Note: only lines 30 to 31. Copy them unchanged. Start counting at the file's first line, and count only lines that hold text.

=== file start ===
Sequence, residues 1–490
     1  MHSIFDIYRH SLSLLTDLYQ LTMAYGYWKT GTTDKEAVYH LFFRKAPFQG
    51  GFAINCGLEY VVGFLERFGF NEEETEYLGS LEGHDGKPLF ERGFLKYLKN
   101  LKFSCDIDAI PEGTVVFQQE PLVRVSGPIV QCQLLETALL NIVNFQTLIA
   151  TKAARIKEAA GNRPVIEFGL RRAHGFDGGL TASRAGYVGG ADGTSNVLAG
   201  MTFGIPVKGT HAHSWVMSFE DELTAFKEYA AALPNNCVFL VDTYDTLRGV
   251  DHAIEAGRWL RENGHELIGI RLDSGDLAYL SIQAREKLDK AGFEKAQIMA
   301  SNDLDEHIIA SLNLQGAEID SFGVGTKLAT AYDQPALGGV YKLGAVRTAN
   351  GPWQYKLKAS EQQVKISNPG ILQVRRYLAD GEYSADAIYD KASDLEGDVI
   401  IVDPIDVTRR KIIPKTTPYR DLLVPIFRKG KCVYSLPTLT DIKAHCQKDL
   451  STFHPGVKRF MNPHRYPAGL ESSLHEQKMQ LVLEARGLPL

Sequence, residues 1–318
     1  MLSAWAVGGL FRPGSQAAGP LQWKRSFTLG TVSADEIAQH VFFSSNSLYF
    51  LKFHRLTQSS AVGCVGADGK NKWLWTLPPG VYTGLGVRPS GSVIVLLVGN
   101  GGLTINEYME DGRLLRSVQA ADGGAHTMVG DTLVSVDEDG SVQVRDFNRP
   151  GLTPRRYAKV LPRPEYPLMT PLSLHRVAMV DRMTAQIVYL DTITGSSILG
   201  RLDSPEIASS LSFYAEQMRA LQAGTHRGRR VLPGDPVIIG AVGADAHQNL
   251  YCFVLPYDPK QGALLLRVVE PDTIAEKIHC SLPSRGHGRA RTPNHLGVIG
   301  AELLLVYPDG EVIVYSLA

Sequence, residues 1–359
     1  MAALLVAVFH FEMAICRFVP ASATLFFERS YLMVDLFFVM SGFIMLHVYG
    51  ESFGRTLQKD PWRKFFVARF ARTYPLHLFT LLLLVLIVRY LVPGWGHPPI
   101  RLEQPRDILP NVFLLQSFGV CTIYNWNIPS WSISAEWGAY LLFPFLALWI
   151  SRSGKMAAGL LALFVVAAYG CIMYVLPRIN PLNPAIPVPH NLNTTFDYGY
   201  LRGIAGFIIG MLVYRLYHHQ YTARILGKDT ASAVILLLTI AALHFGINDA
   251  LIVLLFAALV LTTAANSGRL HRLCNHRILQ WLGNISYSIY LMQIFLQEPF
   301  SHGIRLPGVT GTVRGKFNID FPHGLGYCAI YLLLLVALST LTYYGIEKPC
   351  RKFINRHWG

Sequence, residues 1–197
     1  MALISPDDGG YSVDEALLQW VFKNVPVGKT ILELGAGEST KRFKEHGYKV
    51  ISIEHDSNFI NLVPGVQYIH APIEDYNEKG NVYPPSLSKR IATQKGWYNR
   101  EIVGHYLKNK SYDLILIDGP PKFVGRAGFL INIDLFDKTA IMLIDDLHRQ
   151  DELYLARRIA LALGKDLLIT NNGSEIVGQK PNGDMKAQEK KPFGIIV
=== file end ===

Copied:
     1  MALISPDDGG YSVDEALLQW VFKNVPVGKT ILELGAGEST KRFKEHGYKV
    51  ISIEHDSNFI NLVPGVQYIH APIEDYNEKG NVYPPSLSKR IATQKGWYNR